0
Articles |

Impact of Sleep in COPD*

Walter T. McNicholas, MD, FCCP
Author and Funding Information

*From the Department of Respiratory Medicine, St. Vincent’s University Hospital, Dublin, Ireland.

Correspondence to: Walter T. McNicholas, MD, FCCP, Department of Respiratory, Medicine, St. Vincent’s University Hospital, Elm Park, Dublin 4, Ireland



Chest. 2000;117(2_suppl):48S-53S. doi:10.1378/chest.117.2_suppl.48S
Text Size: A A A
Published online

Sleep has well-recognized effects on breathing, including changes in central respiratory control, airways resistance, and muscular contractility, which do not have an adverse effect in healthy individuals but may cause problems in patients with COPD. Sleep-related hypoxemia and hypercapnia are well recognized in COPD and are most pronounced in rapid eye movement sleep. However, sleep studies are usually only indicated in patients with COPD when there is a possibility of sleep apnea or when cor pulmonale and/or polycythemia are not explained by the awake Pao2 level. Management options for patients with sleep-related respiratory failure include general measures such as optimizing therapy of the underlying condition; physiotherapy and prompt treatment of infective exacerbations; supplemental oxygen; pharmacologic treatments such as bronchodilators, particularly ipratropium bromide, theophylline, and almitrine; and noninvasive positive pressure ventilation.

Figures in this Article

Sign In to Access Full Content

MEMBER & INDIVIDUAL SUBSCRIBER

Want Access?

NEW TO CHEST?

Become a CHEST member and receive a FREE subscription as a benefit of membership.

Individuals can purchase this article on ScienceDirect.

Individuals can purchase a subscription to the journal.

Individuals can purchase a subscription to the journal or buy individual articles.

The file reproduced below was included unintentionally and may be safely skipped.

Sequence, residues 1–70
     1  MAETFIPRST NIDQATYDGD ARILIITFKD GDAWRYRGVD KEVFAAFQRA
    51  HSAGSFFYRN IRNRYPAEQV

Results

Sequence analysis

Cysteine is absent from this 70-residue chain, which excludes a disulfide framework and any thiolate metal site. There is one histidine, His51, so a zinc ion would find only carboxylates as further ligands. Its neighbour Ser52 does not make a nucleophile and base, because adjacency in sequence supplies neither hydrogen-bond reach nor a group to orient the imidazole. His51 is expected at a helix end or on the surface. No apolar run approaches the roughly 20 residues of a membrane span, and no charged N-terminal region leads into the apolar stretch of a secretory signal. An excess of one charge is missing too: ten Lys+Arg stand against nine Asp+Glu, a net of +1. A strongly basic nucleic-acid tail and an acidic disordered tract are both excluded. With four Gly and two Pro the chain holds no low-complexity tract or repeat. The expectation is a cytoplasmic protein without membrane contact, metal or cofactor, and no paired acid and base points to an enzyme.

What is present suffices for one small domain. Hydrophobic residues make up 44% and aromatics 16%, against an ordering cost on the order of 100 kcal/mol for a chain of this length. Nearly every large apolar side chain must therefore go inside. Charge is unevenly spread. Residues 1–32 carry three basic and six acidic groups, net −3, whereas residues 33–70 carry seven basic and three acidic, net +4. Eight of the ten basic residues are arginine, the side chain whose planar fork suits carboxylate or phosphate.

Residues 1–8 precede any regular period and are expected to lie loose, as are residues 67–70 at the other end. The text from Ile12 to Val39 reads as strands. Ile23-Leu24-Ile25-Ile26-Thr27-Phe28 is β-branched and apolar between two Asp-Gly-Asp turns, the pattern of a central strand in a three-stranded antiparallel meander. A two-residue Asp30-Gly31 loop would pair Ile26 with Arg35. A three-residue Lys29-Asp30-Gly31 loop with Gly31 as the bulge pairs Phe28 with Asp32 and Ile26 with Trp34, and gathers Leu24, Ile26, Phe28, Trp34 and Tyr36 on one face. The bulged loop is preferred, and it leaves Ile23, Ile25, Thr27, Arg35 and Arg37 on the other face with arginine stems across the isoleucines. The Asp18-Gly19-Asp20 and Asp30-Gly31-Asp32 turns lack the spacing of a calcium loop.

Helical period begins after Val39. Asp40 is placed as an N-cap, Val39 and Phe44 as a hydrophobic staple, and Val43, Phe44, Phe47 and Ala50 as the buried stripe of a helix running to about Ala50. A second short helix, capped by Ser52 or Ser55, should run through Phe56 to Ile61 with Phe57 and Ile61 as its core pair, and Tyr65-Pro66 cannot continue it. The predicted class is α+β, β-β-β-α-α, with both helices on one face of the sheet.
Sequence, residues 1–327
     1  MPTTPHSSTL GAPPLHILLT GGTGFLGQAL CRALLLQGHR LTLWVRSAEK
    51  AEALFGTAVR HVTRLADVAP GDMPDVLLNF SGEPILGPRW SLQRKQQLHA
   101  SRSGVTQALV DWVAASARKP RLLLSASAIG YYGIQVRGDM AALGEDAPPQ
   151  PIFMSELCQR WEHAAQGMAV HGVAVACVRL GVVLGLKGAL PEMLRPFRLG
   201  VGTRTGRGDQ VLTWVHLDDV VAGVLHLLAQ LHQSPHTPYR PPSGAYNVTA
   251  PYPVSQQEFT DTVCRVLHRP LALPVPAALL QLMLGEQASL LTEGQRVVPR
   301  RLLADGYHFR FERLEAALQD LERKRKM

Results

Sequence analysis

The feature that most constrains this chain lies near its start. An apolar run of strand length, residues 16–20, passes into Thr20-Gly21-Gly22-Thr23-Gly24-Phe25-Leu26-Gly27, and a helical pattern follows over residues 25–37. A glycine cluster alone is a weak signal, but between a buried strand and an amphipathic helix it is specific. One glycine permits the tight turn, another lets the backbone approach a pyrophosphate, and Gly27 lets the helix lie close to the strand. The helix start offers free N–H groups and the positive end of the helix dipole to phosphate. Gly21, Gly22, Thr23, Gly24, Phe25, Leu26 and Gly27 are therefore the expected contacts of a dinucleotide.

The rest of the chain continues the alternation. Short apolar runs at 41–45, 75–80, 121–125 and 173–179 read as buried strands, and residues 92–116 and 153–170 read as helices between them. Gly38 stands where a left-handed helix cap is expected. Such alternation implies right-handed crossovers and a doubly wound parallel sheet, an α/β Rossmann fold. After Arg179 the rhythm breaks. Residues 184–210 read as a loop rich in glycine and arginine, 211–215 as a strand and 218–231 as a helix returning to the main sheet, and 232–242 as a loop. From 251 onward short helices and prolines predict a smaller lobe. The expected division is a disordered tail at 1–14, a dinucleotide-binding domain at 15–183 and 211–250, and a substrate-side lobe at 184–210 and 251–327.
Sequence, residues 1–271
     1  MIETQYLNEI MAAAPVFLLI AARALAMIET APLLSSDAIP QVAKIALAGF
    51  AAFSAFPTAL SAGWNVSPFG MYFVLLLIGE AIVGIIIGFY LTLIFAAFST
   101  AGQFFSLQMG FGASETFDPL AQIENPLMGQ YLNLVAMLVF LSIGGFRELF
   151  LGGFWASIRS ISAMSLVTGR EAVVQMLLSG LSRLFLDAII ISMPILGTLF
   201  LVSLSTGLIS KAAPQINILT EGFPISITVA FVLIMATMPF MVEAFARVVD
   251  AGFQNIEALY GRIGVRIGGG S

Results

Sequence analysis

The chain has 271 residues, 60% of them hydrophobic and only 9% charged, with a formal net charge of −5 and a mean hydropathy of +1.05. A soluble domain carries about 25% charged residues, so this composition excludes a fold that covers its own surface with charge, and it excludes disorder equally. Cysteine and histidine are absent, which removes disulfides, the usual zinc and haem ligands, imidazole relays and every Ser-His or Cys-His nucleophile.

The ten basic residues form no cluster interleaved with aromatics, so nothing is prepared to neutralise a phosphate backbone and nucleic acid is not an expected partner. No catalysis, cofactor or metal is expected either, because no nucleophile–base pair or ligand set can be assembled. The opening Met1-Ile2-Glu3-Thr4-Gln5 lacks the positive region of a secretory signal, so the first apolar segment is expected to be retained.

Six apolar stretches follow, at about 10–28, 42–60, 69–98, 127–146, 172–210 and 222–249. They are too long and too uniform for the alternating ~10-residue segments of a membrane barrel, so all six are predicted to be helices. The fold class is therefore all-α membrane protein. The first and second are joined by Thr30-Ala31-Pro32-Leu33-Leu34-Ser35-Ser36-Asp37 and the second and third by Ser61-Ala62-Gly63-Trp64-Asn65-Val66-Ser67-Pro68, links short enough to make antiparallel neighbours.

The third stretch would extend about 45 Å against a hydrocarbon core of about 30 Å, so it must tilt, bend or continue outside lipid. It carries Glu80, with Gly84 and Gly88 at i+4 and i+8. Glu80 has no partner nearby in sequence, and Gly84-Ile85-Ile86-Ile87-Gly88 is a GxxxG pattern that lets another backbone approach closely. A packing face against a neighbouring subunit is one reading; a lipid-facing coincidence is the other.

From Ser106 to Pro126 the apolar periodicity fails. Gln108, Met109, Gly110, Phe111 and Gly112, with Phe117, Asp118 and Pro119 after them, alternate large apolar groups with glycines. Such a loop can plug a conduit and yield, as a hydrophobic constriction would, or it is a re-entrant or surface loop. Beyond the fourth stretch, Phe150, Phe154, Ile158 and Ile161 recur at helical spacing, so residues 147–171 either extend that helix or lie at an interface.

Learn more about membership or Purchase a Full Subscription.

INSTITUTIONAL ACCESS

Institutional access is now available through ScienceDirect and can be purchased at myelsevier.com.

Sign In to Access Full Content

MEMBER & INDIVIDUAL SUBSCRIBER

Want Access?

NEW TO CHEST?

Become a CHEST member and receive a FREE subscription as a benefit of membership.

Individuals can purchase this article on ScienceDirect.

Individuals can purchase a subscription to the journal.

Individuals can purchase a subscription to the journal or buy individual articles.

Learn more about membership or Purchase a Full Subscription.

INSTITUTIONAL ACCESS

Institutional access is now available through ScienceDirect and can be purchased at myelsevier.com.

Figures

Tables

References

NOTE:
Citing articles are presented as examples only. In non-demo SCM6 implementation, integration with CrossRef’s "Cited By" API will populate this tab (http://www.crossref.org/citedby.html).

Some tools below are only available to our subscribers or users with an online account.

Sign In to Access Full Content

MEMBER & INDIVIDUAL SUBSCRIBER

Want Access?

NEW TO CHEST?

Become a CHEST member and receive a FREE subscription as a benefit of membership.

Individuals can purchase this article on ScienceDirect.

Individuals can purchase a subscription to the journal.

Individuals can purchase a subscription to the journal or buy individual articles.

Learn more about membership or Purchase a Full Subscription.

INSTITUTIONAL ACCESS

Institutional access is now available through ScienceDirect and can be purchased at myelsevier.com.

Related Content

Customize your page view by dragging & repositioning the boxes below.

Find Similar Articles
CHEST Journal Articles
PubMed Articles
  • CHEST Journal
    Print ISSN: 0012-3692
    Online ISSN: 1931-3543